A report in today's online edition of Hürriyet, Turkey's English-language newspaper, focuses on WikiLeaks documents showing Turkey's attempts to influence the most recent elections in Iraq. These leaks are a source of embarrassment to Turkey because they paint a picture of Turkey and Iran working against each another to influence the outcome of the elections. And in the end, Iran came out on top.
Turkey unsuccessfully sought to replace al-Maliki’s Shiite-dominated administration with a Sunni-backed one. But why was Turkey so interested in ousting an administration they had earlier supported? I believe there are two reasons, one religious and one political. Religiously, Turkey's population is 80% Sunni Muslim. So it makes sense for the Turkish government to push for a Sunni-influenced government rather than one dominated by Shiite parties.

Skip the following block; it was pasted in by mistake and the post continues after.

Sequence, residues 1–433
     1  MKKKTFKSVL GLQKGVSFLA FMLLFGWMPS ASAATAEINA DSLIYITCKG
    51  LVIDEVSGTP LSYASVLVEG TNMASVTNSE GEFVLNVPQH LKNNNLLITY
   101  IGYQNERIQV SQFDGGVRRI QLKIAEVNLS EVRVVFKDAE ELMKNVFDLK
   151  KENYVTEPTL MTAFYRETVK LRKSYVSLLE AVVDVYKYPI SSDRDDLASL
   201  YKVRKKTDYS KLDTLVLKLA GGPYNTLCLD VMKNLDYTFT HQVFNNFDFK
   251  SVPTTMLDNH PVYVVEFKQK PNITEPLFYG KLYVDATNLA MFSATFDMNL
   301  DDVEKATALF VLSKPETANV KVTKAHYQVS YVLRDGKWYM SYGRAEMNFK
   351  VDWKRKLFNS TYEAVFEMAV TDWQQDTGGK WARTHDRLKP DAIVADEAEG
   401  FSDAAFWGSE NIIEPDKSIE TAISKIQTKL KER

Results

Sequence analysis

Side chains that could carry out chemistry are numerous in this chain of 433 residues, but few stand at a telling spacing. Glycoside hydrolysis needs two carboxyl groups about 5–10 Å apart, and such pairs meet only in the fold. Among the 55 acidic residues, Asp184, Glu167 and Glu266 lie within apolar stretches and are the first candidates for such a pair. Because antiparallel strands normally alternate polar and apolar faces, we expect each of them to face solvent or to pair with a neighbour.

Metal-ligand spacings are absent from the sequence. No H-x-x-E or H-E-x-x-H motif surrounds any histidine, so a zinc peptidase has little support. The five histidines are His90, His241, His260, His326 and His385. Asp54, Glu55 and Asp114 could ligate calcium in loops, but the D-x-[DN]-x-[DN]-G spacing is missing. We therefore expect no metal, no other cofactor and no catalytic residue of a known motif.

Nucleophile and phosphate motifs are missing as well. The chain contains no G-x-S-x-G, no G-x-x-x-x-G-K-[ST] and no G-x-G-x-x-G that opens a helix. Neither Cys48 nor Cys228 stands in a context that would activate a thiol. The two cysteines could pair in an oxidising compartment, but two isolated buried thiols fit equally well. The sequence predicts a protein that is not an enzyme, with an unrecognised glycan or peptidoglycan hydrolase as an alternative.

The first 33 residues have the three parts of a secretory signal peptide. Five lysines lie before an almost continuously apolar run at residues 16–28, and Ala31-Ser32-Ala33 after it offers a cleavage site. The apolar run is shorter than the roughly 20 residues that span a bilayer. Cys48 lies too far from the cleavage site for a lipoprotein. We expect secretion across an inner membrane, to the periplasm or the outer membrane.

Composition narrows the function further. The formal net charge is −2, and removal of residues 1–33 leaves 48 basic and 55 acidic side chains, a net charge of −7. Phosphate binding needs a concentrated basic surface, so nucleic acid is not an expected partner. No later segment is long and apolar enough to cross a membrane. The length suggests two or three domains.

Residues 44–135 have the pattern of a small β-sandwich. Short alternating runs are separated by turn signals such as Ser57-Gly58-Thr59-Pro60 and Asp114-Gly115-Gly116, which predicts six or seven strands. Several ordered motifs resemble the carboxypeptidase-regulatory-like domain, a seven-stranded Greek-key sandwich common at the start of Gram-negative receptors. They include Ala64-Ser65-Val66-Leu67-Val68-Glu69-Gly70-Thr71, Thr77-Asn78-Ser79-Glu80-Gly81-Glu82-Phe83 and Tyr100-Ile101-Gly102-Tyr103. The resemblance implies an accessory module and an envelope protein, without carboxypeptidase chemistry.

But Turkey's support for the Sunni-backed candidates involved more than religious preference. The Shiite-dominated government of al-Maliki is a coalition government composed of both Shiite and Kurdish parties. Turkey continues to battle the Kurds within their own country who are pressing for an independent country of Kurdistan. In supporting the Sunni candidates, Turkey was hoping to weaken the power of the Kurdish party within Iraq. And northern Iraq has been a base of operation--and a safe haven--for Kurdish rebels.
WikiLeaks has certainly harmed the prestige of the United States around the world. But the leaks are also proving to be an embarrassment to other countries, like Turkey, as revelations surface regarding their attempts to shape world events to their own national advantage.